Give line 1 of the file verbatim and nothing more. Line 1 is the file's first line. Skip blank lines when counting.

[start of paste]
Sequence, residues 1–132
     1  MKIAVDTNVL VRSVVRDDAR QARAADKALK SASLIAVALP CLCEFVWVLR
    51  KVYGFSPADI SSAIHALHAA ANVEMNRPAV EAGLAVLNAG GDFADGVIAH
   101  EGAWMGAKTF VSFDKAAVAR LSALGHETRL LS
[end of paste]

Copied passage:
Sequence, residues 1–132